“Approximately 400 people are currently detained in Hutto, half of them children, and many of them are refugees seeking political asylum. What ICE calls a “Family Residential Facility” is in fact a converted medium-security prison that is still functionally and structurally a prison. Children are required to wear prison garb, receive only one hour of recreation a day, Monday through Friday, and some children did not go outdoors in the fresh air the whole month of December, 2006, according to legal papers filed today. They are detained in small cells for 11-12 hours each day where they cannot keep food and toys and they have no privacy, even when using the toilet.
Despite their urgent needs, many children lack access to adequate medical, dental, and mental health treatment, and are denied meaningful educational opportunities. Guards frequently discipline children by threatening to separate them permanently from their parents, and children are prohibited from having contact visits with non-detained family members.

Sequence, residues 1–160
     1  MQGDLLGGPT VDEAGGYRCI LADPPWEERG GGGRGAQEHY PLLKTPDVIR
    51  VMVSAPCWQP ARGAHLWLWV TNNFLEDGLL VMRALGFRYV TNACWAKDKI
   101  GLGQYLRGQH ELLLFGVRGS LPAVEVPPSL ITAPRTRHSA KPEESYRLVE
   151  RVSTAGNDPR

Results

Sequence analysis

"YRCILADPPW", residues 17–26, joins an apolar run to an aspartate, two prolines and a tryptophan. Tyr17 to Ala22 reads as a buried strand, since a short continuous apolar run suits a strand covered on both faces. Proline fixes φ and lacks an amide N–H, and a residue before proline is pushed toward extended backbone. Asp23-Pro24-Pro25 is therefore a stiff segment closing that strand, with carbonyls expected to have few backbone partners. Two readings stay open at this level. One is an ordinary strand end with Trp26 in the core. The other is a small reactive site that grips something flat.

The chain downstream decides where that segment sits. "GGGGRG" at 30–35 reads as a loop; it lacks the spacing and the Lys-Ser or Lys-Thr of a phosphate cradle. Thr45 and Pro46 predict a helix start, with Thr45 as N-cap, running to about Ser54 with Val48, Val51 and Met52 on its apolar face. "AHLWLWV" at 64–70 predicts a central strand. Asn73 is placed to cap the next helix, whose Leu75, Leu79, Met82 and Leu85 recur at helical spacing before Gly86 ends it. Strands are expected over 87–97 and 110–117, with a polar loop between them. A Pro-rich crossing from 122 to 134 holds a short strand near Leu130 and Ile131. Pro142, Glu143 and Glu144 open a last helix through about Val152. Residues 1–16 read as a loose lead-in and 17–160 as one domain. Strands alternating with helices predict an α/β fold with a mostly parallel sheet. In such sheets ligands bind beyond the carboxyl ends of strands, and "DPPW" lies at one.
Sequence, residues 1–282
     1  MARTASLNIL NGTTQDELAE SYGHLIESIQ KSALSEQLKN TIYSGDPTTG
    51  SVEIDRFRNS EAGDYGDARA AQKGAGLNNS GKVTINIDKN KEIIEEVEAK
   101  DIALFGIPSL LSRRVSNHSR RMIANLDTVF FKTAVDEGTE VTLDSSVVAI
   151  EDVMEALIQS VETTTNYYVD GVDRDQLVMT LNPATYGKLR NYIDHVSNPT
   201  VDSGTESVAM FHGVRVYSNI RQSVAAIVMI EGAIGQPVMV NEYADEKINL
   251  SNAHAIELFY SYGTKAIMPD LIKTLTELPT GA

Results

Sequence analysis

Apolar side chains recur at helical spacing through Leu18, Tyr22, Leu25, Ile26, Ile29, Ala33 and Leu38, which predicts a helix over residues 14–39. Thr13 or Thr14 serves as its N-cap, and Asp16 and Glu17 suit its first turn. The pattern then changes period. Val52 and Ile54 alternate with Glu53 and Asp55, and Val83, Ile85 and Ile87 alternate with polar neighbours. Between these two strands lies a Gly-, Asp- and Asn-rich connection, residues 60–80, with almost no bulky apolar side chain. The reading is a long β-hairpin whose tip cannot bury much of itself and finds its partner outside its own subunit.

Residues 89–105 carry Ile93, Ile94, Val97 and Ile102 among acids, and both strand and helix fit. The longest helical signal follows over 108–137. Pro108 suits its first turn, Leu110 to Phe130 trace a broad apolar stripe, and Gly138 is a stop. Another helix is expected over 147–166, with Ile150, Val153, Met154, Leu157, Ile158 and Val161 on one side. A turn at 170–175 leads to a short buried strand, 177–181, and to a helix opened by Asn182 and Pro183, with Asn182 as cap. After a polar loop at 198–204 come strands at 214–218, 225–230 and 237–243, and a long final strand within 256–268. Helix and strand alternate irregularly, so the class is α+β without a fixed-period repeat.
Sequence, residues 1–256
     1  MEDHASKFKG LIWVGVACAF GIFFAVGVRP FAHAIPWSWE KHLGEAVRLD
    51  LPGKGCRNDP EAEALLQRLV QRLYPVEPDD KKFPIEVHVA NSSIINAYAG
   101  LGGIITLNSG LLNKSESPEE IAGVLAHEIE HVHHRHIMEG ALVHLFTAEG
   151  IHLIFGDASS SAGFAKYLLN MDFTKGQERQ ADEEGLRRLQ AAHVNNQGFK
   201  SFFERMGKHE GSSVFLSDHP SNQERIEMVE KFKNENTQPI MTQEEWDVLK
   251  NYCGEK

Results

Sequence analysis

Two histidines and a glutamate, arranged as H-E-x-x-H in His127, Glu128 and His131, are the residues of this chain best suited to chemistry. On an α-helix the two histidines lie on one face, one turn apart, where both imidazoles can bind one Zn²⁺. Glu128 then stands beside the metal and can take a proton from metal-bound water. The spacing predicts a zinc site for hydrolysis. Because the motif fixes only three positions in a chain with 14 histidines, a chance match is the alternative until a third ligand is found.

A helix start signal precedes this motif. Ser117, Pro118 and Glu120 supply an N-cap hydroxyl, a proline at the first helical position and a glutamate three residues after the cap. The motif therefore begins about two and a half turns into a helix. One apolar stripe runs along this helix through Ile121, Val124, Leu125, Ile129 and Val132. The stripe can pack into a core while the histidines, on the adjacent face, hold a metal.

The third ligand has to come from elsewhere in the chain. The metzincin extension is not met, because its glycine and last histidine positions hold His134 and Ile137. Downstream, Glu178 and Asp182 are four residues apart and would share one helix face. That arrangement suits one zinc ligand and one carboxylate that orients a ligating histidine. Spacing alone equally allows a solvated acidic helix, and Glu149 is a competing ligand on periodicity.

According to 16-year-old Egle Baubonyte, a Lithuanian girl being held at Hutto with her mother and sister, “Conditions for little kids or even babies are really bad. There’s no pediatrician. Nurses don’t care about if babies are sick. They treat us like we’re nothing.” (2.) *
Treatment of prisoners in other Detention centers may be just as bad for adults. In November, 2007, an Immigration and Customs Enforcement officer was charged with the rape of a Jamaican woman while transporting her from a detention center in Miami Dade, to one in Broward County (3.) * While according to the Catholic Legal Immigration Network INC problems of abuse, and neglect of immigrants in detention centers is systemic. According to an indepth study of Immigration Detention Centers, CLINIC reports: